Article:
With a decision expected soon on whether to allow hydraulic fracturing in New York state, natural gas pipeline operators and opponents are getting ready.
CBS News has learned that New York is about to okay fracking, and will issue guidelines after Labor Day.
Harris Interactive conducted a poll and found 71% of American voters favor increased access to U.S. oil and natural gas resources and 92% say energy security and producing at home more oil and natural gas is an important issue this election.
TransCanada has a permit, but not for the larger portion of Keystone, which would transport Canadian oil sands from Alberta.
The U.S. EPA announced it had ended testing of drinking water in the northeastern Pennsylvania community of Dimock and declared it safe to drink.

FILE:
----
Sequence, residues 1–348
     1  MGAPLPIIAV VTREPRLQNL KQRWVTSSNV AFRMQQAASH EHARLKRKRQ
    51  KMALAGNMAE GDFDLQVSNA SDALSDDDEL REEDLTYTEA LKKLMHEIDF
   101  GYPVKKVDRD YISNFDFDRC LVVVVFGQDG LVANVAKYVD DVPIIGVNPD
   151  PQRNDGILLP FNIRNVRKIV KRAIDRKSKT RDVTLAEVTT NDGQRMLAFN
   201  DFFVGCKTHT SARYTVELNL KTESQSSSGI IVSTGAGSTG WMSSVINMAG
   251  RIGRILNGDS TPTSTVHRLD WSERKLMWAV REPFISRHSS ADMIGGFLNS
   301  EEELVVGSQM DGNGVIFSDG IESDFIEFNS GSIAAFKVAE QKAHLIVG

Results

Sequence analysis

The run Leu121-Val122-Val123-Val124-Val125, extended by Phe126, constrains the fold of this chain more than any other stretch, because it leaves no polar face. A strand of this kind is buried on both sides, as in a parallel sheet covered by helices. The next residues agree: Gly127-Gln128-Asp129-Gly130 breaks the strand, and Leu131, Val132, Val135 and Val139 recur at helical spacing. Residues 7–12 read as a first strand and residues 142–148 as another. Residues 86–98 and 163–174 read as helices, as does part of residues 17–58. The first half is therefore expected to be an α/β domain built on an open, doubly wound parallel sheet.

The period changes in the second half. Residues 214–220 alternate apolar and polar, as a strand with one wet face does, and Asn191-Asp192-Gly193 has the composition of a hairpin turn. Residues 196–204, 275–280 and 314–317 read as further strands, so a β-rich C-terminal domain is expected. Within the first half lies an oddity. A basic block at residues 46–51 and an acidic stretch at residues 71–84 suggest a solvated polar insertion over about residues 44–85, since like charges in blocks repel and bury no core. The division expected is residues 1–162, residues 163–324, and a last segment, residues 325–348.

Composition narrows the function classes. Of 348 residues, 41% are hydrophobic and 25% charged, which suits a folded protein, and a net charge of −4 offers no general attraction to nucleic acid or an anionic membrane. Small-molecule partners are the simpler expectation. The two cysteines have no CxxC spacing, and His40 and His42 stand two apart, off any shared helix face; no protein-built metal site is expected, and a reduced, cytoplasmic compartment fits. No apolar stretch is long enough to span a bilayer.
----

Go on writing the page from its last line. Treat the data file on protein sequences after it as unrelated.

Work on one Utica Shale natural gas well has already started and, soon, there’s expected to be a second.
After decades of rising prices, hostile foreign suppliers and warnings that Americans will have to bicycle to work, the world faces the possibility of vast amounts of cheap, plentiful fuel. And the source for much of this new supply? The U.S.
Future natural gas transportation costs to New York City could be reduced with the expansion of the existing Texas Eastern Transmission pipeline from Linden, NJ to Manhattan.
If you plan on drinking a soda, using bug spray or eating a hot dog this Fourth of July, you are consuming or using chemicals also used in the hydraulic fracturing process.
So much natural gas is coming from the Marcellus shale deposit in the U.S. Northeast that costs for utilities are at levels unseen in more than a decade.